Sean Kendall came home from work last Wednesday to find his beloved dog, a friendly two-year-old Weimaraner named Geist, dead from a gunshot to the head. Kendall said the horrific experience was “traumatizing.”
But his trauma turned to anger when he learned how Geist died — shot in the head by a Salt Lake City, Utah, police officer who walked into Kendall’s backyard without a warrant and when the dog approached him, opened fire. And what was the police officer doing in Kendall’s yard in the first place? He was searching for a three-year-old child who had been reported missing by panicky parents, even though the toddler was found safe in his own home a half-hour after police said they got the report.
Police said the dog was “aggressive,” but Kendall isn’t buying their explanation. He says that Geist (pictured above) had never shown aggression before, and was, most likely, simply walking toward the officer out of curiosity about the stranger in the yard. In fact, he says, any dog would do the same thing.
“The idea that he attacked an officer — it just doesn’t make sense,” sad Kendall. “I believe my dog came out of the dog kennel to see what was going on, who was here, stopped right here, and those were his last moments.”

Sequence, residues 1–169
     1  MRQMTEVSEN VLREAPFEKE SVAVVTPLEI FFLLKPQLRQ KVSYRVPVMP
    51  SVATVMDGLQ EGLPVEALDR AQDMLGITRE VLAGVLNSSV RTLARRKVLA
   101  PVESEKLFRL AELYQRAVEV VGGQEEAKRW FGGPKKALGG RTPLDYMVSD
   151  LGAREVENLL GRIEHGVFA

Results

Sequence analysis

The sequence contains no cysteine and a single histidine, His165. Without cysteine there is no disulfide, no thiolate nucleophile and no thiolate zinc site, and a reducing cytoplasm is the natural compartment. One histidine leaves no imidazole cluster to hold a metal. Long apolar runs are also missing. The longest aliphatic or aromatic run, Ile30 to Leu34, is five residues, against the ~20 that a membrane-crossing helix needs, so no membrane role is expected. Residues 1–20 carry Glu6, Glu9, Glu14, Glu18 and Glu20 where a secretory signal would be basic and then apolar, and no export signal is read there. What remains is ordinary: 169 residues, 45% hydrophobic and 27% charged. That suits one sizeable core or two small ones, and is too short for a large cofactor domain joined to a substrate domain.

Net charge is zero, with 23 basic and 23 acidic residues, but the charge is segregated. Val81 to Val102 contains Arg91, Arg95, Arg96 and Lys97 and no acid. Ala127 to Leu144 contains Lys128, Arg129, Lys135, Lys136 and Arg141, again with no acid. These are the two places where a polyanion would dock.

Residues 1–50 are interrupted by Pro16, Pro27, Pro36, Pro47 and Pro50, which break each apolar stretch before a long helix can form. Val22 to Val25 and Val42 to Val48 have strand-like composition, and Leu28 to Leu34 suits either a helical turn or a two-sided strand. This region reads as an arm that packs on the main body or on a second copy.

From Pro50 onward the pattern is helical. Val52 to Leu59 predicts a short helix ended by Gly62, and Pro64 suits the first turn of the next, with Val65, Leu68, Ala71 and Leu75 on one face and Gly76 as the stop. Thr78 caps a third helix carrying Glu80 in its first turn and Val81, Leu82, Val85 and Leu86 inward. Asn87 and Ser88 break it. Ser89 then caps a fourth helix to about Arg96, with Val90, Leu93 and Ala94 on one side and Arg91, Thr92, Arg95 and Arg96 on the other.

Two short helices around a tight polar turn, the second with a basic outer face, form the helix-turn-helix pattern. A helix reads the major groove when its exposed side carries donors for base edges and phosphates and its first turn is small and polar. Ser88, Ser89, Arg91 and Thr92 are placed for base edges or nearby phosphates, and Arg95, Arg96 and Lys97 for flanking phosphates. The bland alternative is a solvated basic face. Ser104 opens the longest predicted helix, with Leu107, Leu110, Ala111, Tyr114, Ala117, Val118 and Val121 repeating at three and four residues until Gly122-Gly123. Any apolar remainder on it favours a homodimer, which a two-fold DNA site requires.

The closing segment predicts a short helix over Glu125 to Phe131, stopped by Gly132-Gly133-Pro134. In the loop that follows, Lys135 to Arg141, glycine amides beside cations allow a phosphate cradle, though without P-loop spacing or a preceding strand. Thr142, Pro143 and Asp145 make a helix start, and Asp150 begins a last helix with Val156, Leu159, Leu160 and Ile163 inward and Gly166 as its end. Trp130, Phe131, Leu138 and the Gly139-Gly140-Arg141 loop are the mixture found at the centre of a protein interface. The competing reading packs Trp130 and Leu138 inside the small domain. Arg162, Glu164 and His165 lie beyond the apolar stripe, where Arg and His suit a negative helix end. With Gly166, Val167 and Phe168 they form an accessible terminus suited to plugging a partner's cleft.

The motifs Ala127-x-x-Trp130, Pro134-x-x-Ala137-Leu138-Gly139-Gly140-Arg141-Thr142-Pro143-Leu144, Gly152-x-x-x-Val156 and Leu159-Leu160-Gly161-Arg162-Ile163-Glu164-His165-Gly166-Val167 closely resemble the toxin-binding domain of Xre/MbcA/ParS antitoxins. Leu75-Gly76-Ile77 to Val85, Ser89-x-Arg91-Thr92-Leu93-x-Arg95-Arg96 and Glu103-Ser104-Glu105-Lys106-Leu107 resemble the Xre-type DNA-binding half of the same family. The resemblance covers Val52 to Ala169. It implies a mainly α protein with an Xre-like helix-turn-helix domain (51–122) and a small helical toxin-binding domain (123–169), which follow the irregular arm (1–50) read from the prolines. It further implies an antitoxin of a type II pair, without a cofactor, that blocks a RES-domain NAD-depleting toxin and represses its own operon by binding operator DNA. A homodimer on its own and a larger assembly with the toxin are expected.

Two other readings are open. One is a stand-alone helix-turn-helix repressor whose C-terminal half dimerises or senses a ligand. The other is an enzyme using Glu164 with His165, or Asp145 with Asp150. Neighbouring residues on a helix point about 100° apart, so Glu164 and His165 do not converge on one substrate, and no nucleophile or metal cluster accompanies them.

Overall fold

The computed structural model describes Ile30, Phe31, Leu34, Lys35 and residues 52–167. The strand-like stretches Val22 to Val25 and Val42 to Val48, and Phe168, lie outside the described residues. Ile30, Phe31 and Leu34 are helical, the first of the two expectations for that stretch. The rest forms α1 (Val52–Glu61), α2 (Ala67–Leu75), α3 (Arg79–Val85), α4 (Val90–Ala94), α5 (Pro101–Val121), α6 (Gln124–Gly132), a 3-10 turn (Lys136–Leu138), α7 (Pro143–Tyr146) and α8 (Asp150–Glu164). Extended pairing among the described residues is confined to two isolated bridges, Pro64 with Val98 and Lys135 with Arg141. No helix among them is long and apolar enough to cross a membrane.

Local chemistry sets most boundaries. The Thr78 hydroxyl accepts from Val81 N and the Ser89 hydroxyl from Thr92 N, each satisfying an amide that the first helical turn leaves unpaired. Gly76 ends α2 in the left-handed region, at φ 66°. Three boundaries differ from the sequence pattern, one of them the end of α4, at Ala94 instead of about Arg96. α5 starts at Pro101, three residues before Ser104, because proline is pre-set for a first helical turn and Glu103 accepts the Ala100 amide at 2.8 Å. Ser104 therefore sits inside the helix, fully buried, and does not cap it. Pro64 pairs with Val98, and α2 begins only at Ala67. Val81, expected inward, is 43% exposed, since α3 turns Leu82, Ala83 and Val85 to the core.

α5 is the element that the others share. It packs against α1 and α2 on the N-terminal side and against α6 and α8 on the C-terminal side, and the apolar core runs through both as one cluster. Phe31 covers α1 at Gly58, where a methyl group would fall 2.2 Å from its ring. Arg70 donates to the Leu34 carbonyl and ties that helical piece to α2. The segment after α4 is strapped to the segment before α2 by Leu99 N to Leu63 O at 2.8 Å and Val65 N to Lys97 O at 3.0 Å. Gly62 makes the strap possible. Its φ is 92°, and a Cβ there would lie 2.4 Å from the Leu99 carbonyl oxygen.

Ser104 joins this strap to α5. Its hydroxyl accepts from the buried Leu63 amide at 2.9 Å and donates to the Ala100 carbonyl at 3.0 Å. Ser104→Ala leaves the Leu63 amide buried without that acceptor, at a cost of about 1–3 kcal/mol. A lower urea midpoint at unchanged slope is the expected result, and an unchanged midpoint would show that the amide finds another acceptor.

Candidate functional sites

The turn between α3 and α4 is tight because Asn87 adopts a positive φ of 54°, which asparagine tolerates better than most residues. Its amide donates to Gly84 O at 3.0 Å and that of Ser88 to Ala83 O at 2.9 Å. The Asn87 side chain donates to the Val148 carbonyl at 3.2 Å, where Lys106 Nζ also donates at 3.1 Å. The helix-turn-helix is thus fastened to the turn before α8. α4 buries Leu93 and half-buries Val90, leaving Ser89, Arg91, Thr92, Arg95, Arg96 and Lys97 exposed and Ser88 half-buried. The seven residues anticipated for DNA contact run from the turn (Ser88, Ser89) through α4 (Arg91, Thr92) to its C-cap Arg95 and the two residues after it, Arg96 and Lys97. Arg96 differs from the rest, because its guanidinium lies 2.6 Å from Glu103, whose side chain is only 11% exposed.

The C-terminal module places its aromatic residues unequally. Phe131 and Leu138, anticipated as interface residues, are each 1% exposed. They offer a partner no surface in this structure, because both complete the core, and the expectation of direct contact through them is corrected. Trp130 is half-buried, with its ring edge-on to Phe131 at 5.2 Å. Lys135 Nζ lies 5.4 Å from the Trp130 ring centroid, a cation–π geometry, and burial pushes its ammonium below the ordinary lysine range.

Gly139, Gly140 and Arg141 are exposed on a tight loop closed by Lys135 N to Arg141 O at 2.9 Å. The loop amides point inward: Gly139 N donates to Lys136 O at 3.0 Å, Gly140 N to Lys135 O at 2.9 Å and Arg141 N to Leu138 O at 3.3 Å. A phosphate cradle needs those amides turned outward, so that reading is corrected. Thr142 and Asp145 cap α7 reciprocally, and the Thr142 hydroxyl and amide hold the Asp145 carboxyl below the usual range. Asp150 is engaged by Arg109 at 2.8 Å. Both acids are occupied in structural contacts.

Kendall says that he has now lost his best friend. “He was a member of my family. He was just goofy and funny and he loved to play. He was a big cuddler, a big cuddler, and now he’s gone,” said Kendall. “You know we slept together, we went on hikes together.”
He says the sight of his dog lying dead from a bullet to the head is now “burned into my eyes.”
“Just the sheer sight of seeing my dog there — it was traumatizing,” Kendall said. “Now he’s dead. I have him wrapped up in a blanket in the back of my truck, and now I have to go bury him.”
Kendall met with Salt Lake City police at the city’s police headquarters on Monday, but came away frustrated that no action is being taken against the cop who killed his dog.
Kendall say the officer who killed Geist needs to pay with his job.
“The only thing that I would be satisfied with is having this officer terminated,” said Kendall. “I feel that his judgment was completely inappropriate.”
But the police defended the officer’s actions, saying there were “extenuating circumstances.”
“A child is missing,” said Salt Lake City Police Sergeant Greg Wilking. “If you’re a parent, you would want us to look everywhere for your child. We wouldn’t want to leave any stone unturned.”
The boy was reported missing at 4:30 pm, police said. He was found safe and asleep in his parent’s basement at 5 pm.
The lawyer for Sean Kendall, Brett Boulton, says his client plans to sue the city, because “That’s what we do in the legal system. We pay people money when bad things happen.”